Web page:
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Capital Area Private Defender Services – NITA Public Service Program

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On September 19 – 21, NITA teamed up with Capital Area Private Defender Services (CAPDS) for a public service trial skills program in Austin, TX. CAPDS is a joint venture non-profit organization dedicated to assisting indigent clients facing criminal charges. This public service program trained 36 attorneys and was led by NITA Program Director Michael Dale, who has taught at over 100 NITA programs throughout the years.

Deputy Director of CAPDS, Bradley Hargis, worked closely with NITA to put the program into motion and stated that CAPDS was very grateful to NITA for making the training possible.

Likewise, one attendee stated, “Great course! One of the faculty described it as Spring Training and I agree. I could do this once a year. The faculty were outstanding. Nobody was there to show off. They were honestly there to teach.”

Similarly, another attendee stated, “It was a great course and I learned a lot. It was really helpful practicing the skills in small groups. I always found the commentary/feedback from the faculty really helpful and important. I feel like I really improved my skills and learned the practical notes that were taught.”

 

Get To Know NITA’s 2017 100 Hour Club Part 2

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Here at the National Institute for Trial Advocacy we are fortunate enough to have over 800 volunteer faculty each year. We would like to take a moment and introduce to you those faculty who have given us over 100 hours of their time in 2017 to help train advocates all over the globe. In part two of this series we highlight three more of these faculty members. If you missed part one, find it here.

MICHAEL WASHINGTON
San Diego County Superior Court
Oceanside, CA
Volunteered 177 hours in 2017, teaching at several programs including; Building Trial Skills: Los Angeles, our 2017 National Session, and Building Trial Skills: San Diego.

How did you first become involved with NITA?
I was first invited to teach at a NITA program by my former law school professor and trial team coach, Janeen Kerper. She believed that I might have something to share as a young trial attorney. I am forever in her debt.

Why do you teach for NITA?
I teach for NITA because I think with my experience I can help others be more effective and more ethical advocates. Teaching allows me to connect with old friends while making new ones. Teaching for NITA also made me a much better attorney, and now a better judge, by exposing me to individuals that I probably would have not otherwise had an opportunity to meet.

Is there a particular NITA program that’s dearest to your heart?
This is tough for me because I’ve had the chance to teach at so many amazing NITA programs. If I had to pick one it would be Building Trial Skills: Southern California at Loyola Law School. This is the program that I have taught most often, and this year marked my twenty-year anniversary teaching there. I started as a wide-eyed young attorney struggling to apply the NITA method consistently to becoming the Program Director in 2017. Of course, I am forever grateful to the previous Program Director, the amazing Professor Gary Williams.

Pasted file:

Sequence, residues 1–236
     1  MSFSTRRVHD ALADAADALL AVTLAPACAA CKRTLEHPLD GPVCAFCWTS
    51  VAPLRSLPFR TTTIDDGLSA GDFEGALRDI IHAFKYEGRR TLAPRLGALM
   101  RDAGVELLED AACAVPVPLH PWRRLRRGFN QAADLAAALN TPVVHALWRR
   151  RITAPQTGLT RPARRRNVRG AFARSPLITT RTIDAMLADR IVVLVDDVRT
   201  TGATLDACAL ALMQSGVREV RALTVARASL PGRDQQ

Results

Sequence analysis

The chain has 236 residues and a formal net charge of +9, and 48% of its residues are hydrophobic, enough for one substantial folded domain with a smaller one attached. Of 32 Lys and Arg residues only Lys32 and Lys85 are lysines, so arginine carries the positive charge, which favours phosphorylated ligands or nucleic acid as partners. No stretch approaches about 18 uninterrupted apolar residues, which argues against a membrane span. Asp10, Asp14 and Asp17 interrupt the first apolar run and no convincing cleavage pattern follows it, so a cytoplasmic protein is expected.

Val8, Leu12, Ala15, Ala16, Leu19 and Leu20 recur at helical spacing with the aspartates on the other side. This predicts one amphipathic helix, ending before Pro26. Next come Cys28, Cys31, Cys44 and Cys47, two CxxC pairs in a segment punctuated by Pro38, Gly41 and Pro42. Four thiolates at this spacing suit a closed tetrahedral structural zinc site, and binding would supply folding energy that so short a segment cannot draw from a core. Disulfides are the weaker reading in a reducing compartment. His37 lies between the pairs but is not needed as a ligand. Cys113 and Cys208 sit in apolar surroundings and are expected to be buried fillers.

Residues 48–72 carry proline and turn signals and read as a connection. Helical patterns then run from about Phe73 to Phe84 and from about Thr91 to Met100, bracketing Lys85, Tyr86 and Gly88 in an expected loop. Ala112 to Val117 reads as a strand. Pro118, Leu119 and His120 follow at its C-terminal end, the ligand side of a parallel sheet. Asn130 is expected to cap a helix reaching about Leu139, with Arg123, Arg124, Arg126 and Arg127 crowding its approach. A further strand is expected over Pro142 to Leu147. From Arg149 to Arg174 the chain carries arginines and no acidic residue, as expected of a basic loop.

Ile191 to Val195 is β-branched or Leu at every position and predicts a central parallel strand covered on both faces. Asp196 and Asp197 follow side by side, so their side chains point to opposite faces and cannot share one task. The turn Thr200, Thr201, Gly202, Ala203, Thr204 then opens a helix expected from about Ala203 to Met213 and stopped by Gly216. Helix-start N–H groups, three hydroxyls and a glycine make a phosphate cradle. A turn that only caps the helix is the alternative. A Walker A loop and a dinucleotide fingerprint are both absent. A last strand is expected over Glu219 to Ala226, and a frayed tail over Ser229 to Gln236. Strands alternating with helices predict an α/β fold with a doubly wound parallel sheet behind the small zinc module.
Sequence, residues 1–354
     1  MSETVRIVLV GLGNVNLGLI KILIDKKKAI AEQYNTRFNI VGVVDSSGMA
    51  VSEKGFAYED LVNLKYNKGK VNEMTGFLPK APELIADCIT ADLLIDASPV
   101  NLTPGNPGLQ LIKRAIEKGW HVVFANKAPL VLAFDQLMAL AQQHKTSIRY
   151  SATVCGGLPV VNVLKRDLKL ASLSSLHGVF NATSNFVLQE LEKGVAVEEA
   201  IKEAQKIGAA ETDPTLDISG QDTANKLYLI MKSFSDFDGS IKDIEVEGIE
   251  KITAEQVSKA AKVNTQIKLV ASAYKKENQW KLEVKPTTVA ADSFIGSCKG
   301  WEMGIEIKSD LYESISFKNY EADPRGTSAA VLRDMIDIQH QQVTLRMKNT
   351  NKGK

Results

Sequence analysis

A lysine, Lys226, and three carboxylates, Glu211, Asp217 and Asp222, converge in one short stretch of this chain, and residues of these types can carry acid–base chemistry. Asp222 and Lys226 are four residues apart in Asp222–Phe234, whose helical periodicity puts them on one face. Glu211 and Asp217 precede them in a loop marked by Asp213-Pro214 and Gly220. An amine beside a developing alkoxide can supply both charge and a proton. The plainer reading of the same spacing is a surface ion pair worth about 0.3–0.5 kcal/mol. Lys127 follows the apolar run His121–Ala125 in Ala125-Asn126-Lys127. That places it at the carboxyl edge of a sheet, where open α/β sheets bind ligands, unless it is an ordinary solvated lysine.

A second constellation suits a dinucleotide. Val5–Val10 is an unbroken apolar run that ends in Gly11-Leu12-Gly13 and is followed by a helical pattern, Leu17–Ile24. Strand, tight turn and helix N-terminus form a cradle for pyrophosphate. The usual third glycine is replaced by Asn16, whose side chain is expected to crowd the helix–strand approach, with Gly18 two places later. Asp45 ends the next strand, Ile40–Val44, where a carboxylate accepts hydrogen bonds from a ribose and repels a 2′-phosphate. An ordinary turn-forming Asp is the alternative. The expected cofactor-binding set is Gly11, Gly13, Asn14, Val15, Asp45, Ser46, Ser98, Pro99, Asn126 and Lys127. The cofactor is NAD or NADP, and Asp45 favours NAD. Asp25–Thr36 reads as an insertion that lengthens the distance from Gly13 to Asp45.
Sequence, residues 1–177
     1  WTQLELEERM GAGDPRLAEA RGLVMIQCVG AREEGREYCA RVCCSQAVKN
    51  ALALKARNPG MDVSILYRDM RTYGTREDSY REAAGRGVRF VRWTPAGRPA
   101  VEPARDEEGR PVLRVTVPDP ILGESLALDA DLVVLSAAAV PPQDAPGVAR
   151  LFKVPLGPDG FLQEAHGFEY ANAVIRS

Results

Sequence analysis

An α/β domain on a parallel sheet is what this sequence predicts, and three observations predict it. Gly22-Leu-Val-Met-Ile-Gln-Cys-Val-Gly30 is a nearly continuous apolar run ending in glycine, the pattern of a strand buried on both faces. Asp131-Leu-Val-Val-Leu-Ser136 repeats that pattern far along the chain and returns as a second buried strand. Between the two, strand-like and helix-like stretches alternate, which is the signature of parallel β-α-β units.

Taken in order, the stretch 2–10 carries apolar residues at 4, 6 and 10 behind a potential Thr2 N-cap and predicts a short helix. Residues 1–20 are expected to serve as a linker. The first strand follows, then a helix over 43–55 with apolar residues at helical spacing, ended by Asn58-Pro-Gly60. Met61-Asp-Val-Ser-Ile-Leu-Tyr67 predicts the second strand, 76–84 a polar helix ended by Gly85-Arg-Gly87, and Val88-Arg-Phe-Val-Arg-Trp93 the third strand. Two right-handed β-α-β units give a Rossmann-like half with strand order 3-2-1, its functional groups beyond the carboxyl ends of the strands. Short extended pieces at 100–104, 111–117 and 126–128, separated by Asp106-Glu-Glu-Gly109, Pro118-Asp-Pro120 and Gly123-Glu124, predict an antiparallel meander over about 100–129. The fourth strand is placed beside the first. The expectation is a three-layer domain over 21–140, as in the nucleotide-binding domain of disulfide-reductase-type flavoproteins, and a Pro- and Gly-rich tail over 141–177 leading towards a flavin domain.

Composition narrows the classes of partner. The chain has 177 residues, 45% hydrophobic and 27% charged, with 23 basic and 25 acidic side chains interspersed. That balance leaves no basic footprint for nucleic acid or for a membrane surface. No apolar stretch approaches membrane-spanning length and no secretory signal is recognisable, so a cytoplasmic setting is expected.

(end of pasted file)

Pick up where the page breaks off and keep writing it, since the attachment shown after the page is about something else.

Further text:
What do you hope to bring to the legal profession?
Joy. The legal profession so stressful and we often lose sight that it can enjoyable. I was fortunate enough to always have a legal job that brought me joy, and I want others to learn how they can have fun while dealing with the stress of learning new skills.

CHRISTOPHER WHITTEN
Superior Court
Phoenix, AZ
Volunteered 136 hours in 2017, teaching at several programs including; Building Trial Skills: Los Angeles, our 2017 National Session, and Building Trial Skills: San Diego.

How did you first become involved with NITA?
In 2003, one of my favorite law school professors, Allen Snyder, asked me to help with the Pacific Regional (San Diego) Trial Program. I had been doing trial advocacy training on a much smaller (and much lower quality) basis in Arizona for about twelve years. That first faculty meeting hooked me. There were so many great trial lawyers and advocacy teachers. I was in awe a bit. In 2006, about the same time I was appointed to the bench, I started to get more invitations to help in other programs. For some reason, people seem to think judges intrinsically know how to be effective advocates (mostly wrong, or we would still be advocating). Since 2006, it has been a rollercoaster of amazing experiences, people, and opportunities to serve. I’ve made a lot of good friends and learned from some great teachers over the last fifteen years.

Why do you teach for NITA?
When I was a kid, my father helped run an orphanage in La Paz, Mexico. A big part of my upbringing, and probably anyone else’s who was Jesuit-schooled, was “women and men for others.” I’ve always gotten far, far more out of volunteering than I’ve given. That’s especially true with NITA, where I constantly get the good feeling that accompanies helping that lightbulb pop over a young lawyer’s head when she figures out a skill, but also where I get to learn from world-class faculty for free. Over the last decade and a half, I’ve been able to hear lectures and feedback from living legends of advocacy training. I only wish I could put some of the golden nuggets I’ve heard into practice myself . . . maybe someday.

Oh, and the faculty dinners. NITA people are generally fun people.

Is there a particular NITA program that’s dearest to your heart?
There are three. San Diego is where it all started for me. Now, every year, I get to work with one of those living legends, Mary Jo Barr, to put on the best trial program we can there. Dom Gianna began inviting me to New Orleans a decade ago, and has yet to figure out how little I add. Those programs are special for a number of reasons, but mostly for the people Dom and Lisa Marcy invite every year―a real familial vibe. The National Program is the cream of the crop. The level of talent on the faculty, top to bottom, is always so impressive. Karen Steinhauser and Michael Washington will shepherd it well in the future. I always pick up three or four things to steal while I’m there and use at other programs as if they were my own.